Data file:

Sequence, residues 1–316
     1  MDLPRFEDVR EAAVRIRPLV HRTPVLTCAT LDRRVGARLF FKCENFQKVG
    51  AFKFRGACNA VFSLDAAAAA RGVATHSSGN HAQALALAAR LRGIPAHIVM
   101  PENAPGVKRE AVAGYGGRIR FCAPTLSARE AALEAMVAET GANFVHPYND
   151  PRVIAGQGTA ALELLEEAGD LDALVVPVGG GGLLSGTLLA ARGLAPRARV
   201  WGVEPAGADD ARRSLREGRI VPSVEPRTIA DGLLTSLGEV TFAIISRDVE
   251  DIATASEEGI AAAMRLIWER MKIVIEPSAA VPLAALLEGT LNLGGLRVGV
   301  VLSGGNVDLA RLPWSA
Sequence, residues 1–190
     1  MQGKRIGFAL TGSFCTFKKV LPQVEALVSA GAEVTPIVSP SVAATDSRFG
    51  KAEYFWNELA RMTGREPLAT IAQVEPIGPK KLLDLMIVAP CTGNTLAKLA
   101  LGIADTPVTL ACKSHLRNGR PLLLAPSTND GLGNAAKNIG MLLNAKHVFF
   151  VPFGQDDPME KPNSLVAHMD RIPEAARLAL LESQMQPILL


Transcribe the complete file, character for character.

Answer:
Sequence, residues 1–316
     1  MDLPRFEDVR EAAVRIRPLV HRTPVLTCAT LDRRVGARLF FKCENFQKVG
    51  AFKFRGACNA VFSLDAAAAA RGVATHSSGN HAQALALAAR LRGIPAHIVM
   101  PENAPGVKRE AVAGYGGRIR FCAPTLSARE AALEAMVAET GANFVHPYND
   151  PRVIAGQGTA ALELLEEAGD LDALVVPVGG GGLLSGTLLA ARGLAPRARV
   201  WGVEPAGADD ARRSLREGRI VPSVEPRTIA DGLLTSLGEV TFAIISRDVE
   251  DIATASEEGI AAAMRLIWER MKIVIEPSAA VPLAALLEGT LNLGGLRVGV
   301  VLSGGNVDLA RLPWSA
Sequence, residues 1–190
     1  MQGKRIGFAL TGSFCTFKKV LPQVEALVSA GAEVTPIVSP SVAATDSRFG
    51  KAEYFWNELA RMTGREPLAT IAQVEPIGPK KLLDLMIVAP CTGNTLAKLA
   101  LGIADTPVTL ACKSHLRNGR PLLLAPSTND GLGNAAKNIG MLLNAKHVFF
   151  VPFGQDDPME KPNSLVAHMD RIPEAARLAL LESQMQPILL